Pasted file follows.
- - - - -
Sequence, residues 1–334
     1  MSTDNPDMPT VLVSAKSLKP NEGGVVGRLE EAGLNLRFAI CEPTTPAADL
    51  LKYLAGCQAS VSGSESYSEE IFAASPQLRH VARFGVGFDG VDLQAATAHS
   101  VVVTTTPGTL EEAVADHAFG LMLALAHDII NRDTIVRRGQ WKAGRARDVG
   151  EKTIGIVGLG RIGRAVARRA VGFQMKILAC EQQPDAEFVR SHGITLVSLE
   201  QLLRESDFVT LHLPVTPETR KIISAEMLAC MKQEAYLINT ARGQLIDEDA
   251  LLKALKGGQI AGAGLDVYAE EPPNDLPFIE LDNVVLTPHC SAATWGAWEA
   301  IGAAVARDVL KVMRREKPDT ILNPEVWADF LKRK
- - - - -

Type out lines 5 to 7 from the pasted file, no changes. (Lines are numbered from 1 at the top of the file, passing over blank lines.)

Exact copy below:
   151  EKTIGIVGLG RIGRAVARRA VGFQMKILAC EQQPDAEFVR SHGITLVSLE
   201  QLLRESDFVT LHLPVTPETR KIISAEMLAC MKQEAYLINT ARGQLIDEDA
   251  LLKALKGGQI AGAGLDVYAE EPPNDLPFIE LDNVVLTPHC SAATWGAWEA